I liked the old definition better, a 1GHz Xeon processor of 2006-2007 vintage. While this text refers to making it "easy for developers to compare," I don't see how they can do that. It's infinitely harder now than it used to be.
The FAQ adds:
Because Amazon EC2 is built on commodity hardware, over time there may be several different types of physical hardware underlying EC2 instances. Our goal is to provide a consistent amount of CPU capacity no matter what the actual underlying hardware.
This comes close to admitting the real problem of ECUs.
It was a definition built on the first round of EC2 infrastructure, and virtual CPUs became increasingly hard to express in ECUs as new rounds of hardware were introduced. To know that your CPU power increases in step with memory and other resources, you have to trust Amazon with its "variety of measures" and its ongoing search for suitable CPU metrics.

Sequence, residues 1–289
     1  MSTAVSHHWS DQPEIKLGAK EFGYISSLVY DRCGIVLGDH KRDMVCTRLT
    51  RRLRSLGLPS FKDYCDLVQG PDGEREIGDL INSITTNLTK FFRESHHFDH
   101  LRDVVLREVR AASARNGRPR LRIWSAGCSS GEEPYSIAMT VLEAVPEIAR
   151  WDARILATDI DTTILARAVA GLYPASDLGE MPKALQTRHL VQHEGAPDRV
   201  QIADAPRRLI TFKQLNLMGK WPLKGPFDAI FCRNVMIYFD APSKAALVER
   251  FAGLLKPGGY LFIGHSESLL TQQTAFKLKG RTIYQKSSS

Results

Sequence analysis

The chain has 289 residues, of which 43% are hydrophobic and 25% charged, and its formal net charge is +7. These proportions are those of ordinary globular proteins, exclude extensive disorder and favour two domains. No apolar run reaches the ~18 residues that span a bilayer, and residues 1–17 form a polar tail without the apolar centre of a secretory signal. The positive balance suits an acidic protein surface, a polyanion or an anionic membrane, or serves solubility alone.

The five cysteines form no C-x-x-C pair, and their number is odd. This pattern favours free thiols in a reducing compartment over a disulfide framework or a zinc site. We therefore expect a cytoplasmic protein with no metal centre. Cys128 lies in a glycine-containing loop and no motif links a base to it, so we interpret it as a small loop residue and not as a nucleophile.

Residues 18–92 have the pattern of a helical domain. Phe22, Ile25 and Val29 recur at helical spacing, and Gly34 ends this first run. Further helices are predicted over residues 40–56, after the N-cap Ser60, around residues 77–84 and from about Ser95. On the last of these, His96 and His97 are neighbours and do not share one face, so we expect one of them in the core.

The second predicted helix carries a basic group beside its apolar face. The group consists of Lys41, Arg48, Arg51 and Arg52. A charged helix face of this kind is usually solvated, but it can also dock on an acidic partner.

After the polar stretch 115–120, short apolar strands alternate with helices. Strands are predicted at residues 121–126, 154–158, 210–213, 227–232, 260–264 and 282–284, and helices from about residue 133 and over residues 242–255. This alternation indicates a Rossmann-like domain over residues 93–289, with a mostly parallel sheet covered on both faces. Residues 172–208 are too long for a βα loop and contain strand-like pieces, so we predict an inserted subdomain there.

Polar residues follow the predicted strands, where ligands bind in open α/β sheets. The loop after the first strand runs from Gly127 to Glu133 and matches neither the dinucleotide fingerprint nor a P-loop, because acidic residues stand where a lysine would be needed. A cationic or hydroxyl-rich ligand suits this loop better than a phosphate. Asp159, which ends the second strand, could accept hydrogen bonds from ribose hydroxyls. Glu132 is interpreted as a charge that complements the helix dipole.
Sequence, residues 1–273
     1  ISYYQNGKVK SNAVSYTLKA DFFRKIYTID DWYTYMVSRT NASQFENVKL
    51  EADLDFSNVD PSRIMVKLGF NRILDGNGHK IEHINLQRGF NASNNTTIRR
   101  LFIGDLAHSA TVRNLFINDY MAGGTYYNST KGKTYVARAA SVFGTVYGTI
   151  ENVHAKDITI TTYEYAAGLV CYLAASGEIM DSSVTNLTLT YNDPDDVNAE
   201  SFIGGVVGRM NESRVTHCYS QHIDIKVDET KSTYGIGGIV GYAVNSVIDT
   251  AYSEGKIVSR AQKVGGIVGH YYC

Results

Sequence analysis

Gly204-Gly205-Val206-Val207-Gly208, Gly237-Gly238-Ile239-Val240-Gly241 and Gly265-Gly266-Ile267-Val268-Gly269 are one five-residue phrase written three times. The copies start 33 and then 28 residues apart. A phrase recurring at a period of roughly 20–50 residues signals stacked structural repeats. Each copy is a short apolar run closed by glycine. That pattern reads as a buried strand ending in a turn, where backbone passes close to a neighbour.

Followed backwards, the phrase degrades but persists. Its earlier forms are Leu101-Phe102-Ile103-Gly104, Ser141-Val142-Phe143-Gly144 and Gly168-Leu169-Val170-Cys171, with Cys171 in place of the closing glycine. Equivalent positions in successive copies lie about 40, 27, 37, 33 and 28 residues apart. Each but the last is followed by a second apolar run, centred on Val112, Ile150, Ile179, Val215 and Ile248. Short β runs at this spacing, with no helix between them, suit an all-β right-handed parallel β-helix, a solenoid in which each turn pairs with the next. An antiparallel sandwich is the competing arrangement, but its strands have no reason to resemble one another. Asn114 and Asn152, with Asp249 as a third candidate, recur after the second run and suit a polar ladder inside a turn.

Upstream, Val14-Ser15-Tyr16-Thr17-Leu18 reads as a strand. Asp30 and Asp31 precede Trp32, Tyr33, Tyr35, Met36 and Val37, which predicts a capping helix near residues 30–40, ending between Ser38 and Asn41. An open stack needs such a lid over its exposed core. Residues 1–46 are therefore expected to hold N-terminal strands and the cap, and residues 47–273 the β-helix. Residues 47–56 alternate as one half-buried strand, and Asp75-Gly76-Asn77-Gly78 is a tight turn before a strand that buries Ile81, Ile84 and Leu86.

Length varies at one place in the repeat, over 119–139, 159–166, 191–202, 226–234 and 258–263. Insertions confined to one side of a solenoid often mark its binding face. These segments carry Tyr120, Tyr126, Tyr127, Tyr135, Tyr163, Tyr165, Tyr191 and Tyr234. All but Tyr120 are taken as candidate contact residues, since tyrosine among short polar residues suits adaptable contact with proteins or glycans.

Easy to compare? It was never easy to compare, and over the last two years, it's become almost impossible.
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Charles Babcock is an editor-at-large for InformationWeek and author of Management Strategies for the Cloud Revolution, a McGraw-Hill book. He is the former editor-in-chief of Digital News, former software editor of Computerworld and former technology editor of Interactive ... View Full Bio